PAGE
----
Through Tri United, several athletes have been discovered like Lauren Plaza, who placed first in the female 15-17 year old category, and Lucian Antonio Alejo, who topped the male 15-17 category. For their achievements, Plaza and Alejo received the MVP Sports Foundation Youth Triathlete award last February of 2016.
Their performance gave them the opportunity to be tapped for the Philippine developmental team.
“I decided to take up triathlon because of my brother,” said Plaza in a recent magazine interview. “My swim coach at school actually introduced my older brother to the sport. In the house, I saw that he had several bikes and sports gear. I became envious, that’s why I tried it. I eventually liked it, and now I love triathlon.”
As members of the Philippine developmental team, they are getting further training to someday bring home gold medals for the country.
Developing rugby in the youth level
Like triathlon, rugby is also fast becoming an emerging young people's sport following the accomplishments of the national team in international play.
Since the sport’s humble beginnings in 1999, rugby slowly began to take shape in the country that culminated with the formation of a national team called the Philippine Volcanoes.
The Volcanoes started competing in the Southeast Asian Games in 2005 as an exhibition event where they won the gold in front of Filipino fans.
“It really started to take off in 2005,” said Philippine Rugby Football Union head of national teams Jake Letts.
Rugby later became an official event in the SEA Games where the Volcanoes won a silver medal in Nakhon Ratchasima, Thailand in 2007, before finally taking the gold medal in the 2015 edition in Singapore.
The MVP Sports Foundation gave the sport its backing by partnering with the PRFU in 2014. To sustain the squad’s lofty showing in international events, the MVP Sports Foundation decided to support the youth teams of the Volcanoes.
For a start, the MVP Sports Foundation came in to support the Under-19 team in 2014.
“Our Under-18 team is basically a talent identification program. It is basically the first platform for the players to represent the Philippines in the men’s level,” said Letts.
From there, the MVP Sports Foundation started supporting much younger level of teams by supporting the Under-14, Under-16, and Under-18 teams.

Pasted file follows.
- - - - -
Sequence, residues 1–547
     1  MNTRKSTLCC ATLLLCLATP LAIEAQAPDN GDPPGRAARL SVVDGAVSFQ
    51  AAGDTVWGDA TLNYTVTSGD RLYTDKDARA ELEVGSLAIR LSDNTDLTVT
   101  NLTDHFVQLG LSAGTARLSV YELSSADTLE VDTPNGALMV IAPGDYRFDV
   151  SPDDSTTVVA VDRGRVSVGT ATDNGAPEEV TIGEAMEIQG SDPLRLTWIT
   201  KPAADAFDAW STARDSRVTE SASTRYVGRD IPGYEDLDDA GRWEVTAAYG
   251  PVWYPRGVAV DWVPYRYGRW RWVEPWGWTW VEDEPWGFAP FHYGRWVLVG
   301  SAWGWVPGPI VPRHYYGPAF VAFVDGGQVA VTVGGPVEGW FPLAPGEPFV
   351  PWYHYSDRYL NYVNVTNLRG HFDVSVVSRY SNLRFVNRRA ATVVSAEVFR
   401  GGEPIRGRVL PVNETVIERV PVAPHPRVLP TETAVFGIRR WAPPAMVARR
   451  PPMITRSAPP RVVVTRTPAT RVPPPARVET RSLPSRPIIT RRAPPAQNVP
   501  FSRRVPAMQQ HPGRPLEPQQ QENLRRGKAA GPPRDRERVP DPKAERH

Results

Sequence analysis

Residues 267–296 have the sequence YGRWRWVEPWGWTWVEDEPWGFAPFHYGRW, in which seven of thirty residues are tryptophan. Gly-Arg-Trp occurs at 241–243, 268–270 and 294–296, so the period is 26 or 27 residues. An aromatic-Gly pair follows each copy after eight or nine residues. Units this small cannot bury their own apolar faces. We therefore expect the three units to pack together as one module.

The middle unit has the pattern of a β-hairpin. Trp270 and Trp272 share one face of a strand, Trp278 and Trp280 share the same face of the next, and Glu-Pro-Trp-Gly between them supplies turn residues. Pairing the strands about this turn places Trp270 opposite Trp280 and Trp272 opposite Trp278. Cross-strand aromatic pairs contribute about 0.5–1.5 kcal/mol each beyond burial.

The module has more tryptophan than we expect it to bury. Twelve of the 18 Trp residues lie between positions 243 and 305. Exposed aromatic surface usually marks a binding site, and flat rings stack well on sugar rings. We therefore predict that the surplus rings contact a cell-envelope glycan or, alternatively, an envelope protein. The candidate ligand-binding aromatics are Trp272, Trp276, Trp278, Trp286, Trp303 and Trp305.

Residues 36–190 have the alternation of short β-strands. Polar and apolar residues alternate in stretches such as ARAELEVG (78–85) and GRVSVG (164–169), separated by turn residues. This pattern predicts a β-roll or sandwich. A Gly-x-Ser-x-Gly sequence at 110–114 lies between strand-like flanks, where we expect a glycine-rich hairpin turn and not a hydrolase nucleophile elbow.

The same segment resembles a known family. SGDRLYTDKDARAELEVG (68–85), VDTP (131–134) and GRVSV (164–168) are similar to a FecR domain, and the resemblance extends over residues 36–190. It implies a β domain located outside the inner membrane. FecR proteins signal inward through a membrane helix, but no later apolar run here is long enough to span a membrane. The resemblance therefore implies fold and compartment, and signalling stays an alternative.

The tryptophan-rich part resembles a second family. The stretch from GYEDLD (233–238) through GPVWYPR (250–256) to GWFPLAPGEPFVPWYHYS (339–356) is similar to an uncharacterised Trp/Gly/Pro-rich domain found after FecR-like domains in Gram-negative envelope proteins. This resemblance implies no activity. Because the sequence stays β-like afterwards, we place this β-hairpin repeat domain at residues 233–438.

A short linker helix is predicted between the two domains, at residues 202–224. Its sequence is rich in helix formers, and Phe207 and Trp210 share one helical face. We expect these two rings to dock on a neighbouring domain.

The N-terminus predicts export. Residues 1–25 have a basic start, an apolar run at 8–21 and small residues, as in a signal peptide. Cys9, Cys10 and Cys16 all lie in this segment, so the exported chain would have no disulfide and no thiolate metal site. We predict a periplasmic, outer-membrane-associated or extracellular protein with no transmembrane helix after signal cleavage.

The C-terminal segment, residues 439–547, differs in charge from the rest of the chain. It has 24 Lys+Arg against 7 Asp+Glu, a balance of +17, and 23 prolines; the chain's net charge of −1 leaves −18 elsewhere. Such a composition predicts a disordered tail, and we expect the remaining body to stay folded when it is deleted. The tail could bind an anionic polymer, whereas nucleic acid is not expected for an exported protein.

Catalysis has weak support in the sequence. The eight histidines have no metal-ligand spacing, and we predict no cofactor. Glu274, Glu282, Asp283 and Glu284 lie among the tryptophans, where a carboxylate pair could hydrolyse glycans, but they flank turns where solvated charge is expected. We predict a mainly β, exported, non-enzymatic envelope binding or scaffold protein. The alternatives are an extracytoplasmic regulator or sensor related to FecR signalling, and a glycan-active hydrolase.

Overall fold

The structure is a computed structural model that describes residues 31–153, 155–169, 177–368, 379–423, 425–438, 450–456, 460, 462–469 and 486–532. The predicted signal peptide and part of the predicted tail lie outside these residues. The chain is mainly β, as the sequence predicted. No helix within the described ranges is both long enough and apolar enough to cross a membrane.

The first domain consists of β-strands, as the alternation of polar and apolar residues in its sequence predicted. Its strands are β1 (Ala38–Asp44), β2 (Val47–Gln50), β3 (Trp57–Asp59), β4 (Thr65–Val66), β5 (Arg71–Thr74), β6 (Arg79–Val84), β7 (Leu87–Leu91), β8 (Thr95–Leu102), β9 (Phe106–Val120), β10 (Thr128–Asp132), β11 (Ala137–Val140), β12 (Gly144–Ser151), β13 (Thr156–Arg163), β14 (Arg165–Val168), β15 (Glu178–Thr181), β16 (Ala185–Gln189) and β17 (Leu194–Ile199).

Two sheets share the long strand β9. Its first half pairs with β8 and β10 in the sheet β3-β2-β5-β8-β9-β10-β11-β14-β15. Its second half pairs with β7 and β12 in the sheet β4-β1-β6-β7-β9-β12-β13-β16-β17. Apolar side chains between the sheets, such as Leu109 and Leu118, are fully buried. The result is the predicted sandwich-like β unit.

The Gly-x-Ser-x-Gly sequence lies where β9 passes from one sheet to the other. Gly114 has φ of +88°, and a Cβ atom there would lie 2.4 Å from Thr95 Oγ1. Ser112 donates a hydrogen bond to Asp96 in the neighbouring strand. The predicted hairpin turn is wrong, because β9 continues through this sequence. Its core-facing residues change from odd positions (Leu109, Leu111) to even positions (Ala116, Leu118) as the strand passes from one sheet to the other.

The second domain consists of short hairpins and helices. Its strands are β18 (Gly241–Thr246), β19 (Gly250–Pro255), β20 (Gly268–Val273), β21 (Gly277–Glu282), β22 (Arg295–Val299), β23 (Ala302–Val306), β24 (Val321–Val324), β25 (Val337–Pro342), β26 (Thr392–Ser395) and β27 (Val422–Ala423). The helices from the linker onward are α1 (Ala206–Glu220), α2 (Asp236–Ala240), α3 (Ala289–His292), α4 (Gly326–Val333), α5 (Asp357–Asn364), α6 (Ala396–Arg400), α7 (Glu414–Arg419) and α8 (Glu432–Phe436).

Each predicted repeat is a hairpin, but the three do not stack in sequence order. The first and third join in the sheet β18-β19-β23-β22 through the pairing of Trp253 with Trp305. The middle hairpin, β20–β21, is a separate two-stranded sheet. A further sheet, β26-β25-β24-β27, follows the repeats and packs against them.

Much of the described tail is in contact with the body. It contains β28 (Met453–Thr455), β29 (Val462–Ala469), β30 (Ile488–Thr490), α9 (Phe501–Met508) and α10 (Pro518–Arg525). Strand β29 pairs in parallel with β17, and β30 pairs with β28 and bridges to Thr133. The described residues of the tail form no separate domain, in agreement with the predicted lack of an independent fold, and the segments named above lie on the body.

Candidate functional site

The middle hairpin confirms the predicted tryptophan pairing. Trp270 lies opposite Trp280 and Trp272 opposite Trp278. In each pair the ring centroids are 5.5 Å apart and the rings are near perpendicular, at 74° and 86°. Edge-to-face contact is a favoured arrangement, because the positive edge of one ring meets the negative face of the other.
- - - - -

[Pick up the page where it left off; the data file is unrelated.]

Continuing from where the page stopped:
“If you think about it, if you have a chance to represent the Under-14, Under-16, Under-18, and Under-19, which is all covered by the MVPSF, that launches them into the men’s national program which is the Philippine Volcanoes,” said Letts.
The PRFU culls players not just from different schools, but also in tournaments joined in by different charitable foundations with rugby programs jumpstarted by the PRFU in a year-round talent identification campaign for the youth squad.
“We have programs throughout the Philippines, most evidently in Luzon and Visayas. What we do run monthly tournaments every February to November with out foundation teams. We also identify players in the Philippine schools league that is held from November to January. From there, the national team is picked,” said Letts.
Among the schools and organizations that have partnered with PRFU are the following: Brent International School, International School Manila, British School Manila, Faith Academy, King's School Manila, Haven For Children, Kaingin 1 Quezon City, Tuloy Foundation, Don Bosco College, SOS Manila, SOS Davao, SOS Cebu, Ateneo de Cebu, Willing Heart Orphanage, Don Hilarion G Gonzaga Memorial High School, Miriam College, Quezon City Polytechnic University, University of Makati, Pamantasan ng Lungsod ng Marikina, Pamantasan ng Lungsod ng Maynila, and Pamantasan ng Lungsod ng Muntinlupa
This early, the novel program has produced two players who could well form part of the national team come 2017 in Jonel Madrona and Lito Ramirez.